Tuna species support some of the world’s largest commercial and recreational fisheries. Their extensive migratory patterns expose them to multiple national and international fisheries and fishery management regimes. Several prized species have become the focus of global conservation efforts and there is a growing worldwide interest in establishing optimal strategies for sustainable tuna fisheries. Although this task has proven to be very challenging, it has taken on a new sense of urgency in the face of the potential effects of global climate change. A better understanding of the interactions between environmental conditions and tuna physiology and how they affect tuna behavior will offer population and stock assessment modelers and fisheries biologists a more mechanistic understanding of tuna distribution patterns and may help predict changes in both geographic and depthrelated movement patterns. Indeed, physiological data comprise a growing component of multi-trait analysis approaches to species conservation. Our review aims to summarize what is known about differences among tuna species in distribution patterns, tolerances to environmental conditions, and physiological characteristics that correlate with the capacity to inhabit cooler (deeper, higher latitude) and even hypoxic waters. To achieve this goal, we discuss how these physiological traits are associated with habitat partitioning within the three-dimensional oceanic environment and with niche expansion into cooler and hypoxic waters. We also point out areas where additional research is needed to predict more accurately how future changes in oceanographic conditions will affect the distributions and movement patterns of tunas and their availability to fisheries.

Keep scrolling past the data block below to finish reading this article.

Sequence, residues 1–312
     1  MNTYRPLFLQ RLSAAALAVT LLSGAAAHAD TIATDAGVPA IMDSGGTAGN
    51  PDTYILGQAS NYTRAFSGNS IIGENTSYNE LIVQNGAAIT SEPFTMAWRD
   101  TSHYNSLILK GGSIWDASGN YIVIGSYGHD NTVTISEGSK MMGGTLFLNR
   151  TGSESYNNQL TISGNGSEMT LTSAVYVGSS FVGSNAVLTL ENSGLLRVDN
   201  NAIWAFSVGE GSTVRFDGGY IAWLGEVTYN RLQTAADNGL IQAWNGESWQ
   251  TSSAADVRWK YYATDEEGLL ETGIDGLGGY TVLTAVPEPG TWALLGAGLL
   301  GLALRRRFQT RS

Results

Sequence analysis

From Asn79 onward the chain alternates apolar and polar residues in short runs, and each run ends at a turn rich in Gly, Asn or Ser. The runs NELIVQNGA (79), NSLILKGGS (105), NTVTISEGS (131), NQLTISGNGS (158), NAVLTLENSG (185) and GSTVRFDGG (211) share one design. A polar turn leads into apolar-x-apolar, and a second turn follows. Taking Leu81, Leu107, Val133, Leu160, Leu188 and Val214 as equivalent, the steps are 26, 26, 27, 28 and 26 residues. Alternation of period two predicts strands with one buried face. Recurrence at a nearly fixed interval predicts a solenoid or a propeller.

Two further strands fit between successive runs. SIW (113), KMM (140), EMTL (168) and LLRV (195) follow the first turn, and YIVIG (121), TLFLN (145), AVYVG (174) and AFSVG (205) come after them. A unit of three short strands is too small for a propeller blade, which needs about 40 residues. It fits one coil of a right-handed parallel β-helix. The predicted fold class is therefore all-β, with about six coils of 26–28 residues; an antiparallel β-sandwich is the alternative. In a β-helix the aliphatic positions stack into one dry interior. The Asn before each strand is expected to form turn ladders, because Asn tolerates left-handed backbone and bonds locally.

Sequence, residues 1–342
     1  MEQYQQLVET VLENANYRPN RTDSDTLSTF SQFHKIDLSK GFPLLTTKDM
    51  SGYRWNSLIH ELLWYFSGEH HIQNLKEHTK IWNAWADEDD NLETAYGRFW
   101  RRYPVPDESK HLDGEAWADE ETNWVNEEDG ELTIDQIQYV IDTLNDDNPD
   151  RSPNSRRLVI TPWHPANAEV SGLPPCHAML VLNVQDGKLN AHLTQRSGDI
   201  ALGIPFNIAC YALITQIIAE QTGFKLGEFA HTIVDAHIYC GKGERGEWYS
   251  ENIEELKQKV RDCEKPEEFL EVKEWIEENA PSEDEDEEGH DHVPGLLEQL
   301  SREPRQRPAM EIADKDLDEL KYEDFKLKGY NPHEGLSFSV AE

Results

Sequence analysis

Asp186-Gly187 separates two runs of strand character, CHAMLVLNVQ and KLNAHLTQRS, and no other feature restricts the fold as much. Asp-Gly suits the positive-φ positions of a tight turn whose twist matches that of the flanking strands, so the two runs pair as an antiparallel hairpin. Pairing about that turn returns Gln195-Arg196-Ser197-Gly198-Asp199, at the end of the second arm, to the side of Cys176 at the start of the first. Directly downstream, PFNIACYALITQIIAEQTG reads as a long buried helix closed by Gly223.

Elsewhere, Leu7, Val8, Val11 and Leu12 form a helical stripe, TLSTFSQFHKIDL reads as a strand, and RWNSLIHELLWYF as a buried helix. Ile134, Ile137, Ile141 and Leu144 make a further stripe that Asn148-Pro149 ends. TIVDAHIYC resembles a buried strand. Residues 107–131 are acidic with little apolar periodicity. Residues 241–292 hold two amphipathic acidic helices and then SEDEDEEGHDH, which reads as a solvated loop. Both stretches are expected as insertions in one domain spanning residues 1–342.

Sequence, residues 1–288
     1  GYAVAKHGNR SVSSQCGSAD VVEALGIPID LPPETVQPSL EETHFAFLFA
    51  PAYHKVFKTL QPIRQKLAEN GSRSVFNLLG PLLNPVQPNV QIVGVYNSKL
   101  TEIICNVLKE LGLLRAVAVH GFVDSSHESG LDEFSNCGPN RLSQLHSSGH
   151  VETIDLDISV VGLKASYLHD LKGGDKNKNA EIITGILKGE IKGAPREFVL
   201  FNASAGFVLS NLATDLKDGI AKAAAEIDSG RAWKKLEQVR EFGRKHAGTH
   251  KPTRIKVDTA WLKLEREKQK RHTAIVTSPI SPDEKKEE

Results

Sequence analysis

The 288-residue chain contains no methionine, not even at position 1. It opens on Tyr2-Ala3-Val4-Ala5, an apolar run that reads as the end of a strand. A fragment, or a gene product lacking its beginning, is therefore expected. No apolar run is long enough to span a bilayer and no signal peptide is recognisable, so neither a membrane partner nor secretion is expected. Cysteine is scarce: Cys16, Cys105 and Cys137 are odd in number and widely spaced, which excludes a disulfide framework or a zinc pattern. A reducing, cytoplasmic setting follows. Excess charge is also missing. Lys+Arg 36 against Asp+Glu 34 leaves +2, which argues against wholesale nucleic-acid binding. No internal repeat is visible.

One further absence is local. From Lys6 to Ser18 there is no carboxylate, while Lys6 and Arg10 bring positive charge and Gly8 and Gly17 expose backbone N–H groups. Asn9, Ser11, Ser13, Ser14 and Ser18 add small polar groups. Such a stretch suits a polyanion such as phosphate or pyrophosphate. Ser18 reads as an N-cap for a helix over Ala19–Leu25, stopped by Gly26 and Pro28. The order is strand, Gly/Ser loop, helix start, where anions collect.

|Journal||Reviews in Fish Biology and Fisheries|
|Early online date||15 Sep 2017|
|Publication status||Published - 2017|
- Cardiac physiology
- Movement patterns
Research Beacons, Institutes and Platforms
- Sustainable Futures